Goals & Objectives for Toddlers

by Erin Schreiner Google

    Toddlerhood is a period of profound mental and physical development. While your child will move through this developmental process naturally, you can aid your toddler in developing the physical and mental skills needed by setting and working toward goals. To aid your toddler in building his skills, actively create objectives and work toward achieving developmentally appropriate goals.

    Skillful Walking

    Toddlers, by definition, toddle. During this period of development, you should see your toddler go from taking tentative and awkward steps to walking with relative ease and grace. Make developing the ability to walk in a more mature and coordinated fashion a goal and help your child work toward it by providing him ample walking practice. When first working toward this goal, play simple games of chase in which you entice your toddler to follow you as you weave around objects in your home. As your toddler becomes more skillful, take your practice outside and pick up the pace, having your toddler run and weave around the lawn as a means of both having a good time and developing her gross motor skills.

    Responds Rhythmically to Music

    In developing the ability to interact with the world around them, toddlers build musical skills. By the end of this period of development, your child should be able to move to the beat of music and engage in simple dancing. Help build these skills by playing music often and, in doing so, allowing your child the opportunity to develop his natural understanding of music and rhythm.

    Can Throw and Kick

    During your child’s toddler years, her eye-hand coordinator skills will grow from almost nonexistent to relatively honed. By the time your child exits this stage of her development, she should be able to both throw and kick a ball. Helping her work toward accomplishing this goal is simple. Engage in regular games of catch. Also, kick the ball back and forth while at the park with your little one to give her the practice she needs to become adept at performing these skills.

    Emotional Understanding

    Toddlers develop the ability to understand the emotions exhibited by others during this period. Upon exit from the toddler stage, your youngster should understand that crying is a sign of upset and smiling means that an individual is happy. Much of this understanding will come naturally, but if your toddler doesn’t seem to be building this emotive understanding, help him by selecting books about emotions and reading them with him to help him build a more concrete understanding of these abstract emotions.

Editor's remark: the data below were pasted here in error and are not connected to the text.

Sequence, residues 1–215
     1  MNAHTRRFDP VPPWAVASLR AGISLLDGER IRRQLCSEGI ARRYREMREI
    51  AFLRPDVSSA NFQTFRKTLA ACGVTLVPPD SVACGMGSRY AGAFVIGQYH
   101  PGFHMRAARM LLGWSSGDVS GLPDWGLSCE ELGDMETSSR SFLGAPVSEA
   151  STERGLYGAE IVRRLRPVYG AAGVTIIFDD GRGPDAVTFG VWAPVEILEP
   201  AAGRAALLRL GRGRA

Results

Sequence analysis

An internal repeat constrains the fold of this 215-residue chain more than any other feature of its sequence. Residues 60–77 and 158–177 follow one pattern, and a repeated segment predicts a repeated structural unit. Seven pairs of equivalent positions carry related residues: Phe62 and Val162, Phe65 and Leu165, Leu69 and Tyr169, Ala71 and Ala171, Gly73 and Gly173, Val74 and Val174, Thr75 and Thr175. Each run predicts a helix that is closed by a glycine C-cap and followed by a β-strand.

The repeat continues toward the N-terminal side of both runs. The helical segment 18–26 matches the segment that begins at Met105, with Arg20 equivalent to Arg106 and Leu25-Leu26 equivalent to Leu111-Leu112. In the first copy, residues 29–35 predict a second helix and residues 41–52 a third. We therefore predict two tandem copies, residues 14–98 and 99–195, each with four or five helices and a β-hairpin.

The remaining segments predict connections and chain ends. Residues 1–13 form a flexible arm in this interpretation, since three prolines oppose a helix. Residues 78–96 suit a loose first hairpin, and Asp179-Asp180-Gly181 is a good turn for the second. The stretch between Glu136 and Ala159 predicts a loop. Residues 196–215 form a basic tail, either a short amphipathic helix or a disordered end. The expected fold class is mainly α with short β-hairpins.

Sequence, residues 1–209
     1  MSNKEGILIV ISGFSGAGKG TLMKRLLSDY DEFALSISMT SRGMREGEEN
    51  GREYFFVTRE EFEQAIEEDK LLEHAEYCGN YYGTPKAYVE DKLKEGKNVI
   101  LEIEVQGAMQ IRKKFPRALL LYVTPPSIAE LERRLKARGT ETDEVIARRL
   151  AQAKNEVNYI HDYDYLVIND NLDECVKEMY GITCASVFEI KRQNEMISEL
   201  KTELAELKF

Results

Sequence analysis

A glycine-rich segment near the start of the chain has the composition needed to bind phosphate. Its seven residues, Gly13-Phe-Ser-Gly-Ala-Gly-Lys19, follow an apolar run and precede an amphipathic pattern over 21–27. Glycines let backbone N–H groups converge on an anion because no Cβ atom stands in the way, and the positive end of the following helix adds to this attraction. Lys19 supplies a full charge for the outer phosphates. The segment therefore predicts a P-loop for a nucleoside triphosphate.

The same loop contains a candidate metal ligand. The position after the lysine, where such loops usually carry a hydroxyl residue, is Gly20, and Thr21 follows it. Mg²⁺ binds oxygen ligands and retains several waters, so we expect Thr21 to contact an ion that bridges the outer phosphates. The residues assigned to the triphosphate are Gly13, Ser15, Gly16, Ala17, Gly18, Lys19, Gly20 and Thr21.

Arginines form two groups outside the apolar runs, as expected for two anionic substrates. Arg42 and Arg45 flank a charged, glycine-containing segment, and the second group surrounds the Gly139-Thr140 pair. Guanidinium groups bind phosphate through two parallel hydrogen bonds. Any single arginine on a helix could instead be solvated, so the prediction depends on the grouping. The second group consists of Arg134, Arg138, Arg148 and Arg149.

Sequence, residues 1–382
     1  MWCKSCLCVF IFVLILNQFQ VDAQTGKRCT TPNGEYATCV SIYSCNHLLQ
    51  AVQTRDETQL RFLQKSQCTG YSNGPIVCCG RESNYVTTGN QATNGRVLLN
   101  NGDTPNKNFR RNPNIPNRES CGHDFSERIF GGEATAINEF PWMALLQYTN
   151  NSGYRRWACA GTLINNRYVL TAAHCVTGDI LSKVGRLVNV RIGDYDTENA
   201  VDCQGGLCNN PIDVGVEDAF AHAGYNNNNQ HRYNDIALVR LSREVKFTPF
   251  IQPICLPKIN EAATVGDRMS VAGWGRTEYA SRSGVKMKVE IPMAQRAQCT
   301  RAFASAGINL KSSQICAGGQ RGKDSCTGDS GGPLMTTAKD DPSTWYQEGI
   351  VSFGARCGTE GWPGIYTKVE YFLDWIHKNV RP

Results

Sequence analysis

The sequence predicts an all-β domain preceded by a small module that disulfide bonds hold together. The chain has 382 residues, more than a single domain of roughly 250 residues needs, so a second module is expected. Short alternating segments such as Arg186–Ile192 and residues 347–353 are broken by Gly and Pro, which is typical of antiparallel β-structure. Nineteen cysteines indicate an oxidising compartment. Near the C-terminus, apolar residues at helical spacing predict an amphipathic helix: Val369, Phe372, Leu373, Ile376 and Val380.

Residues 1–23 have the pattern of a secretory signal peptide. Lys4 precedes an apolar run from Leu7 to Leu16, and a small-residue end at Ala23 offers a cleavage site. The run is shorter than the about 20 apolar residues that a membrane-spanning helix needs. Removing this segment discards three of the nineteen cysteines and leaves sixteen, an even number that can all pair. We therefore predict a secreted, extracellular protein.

Basic Writing Skills

    As children move through toddlerhood, they build basic understanding of how to hold a pencil or pen and how to make simple marks on paper. Integrate writing utensil holding into your child’s play, having her color or trace shapes. These simple and enjoyable activities will help develop these skills in your child.

    Rudimentary Academic Skills

    While few children will leave toddlerhood knowing all of their letters and numbers, it is important for youngsters to develop some familiarity with these foundational academic skills during this period of development. Put concerted effort into introducing your toddler to letters and numbers. Integrate them into his play, selecting toys that feature letters and numbers, allowing him learning to come naturally. In doing this, you can pave the road for easier acquisition of these skills as he tackles them in her next stage of development -- the preschool years.

    About the Author

    Erin Schreiner is a freelance writer and teacher who holds a bachelor's degree from Bowling Green State University. She has been actively freelancing since 2008. Schreiner previously worked for a London-based freelance firm. Her work appears on eHow, Trails.com and RedEnvelope. She currently teaches writing to middle school students in Ohio and works on her writing craft regularly.

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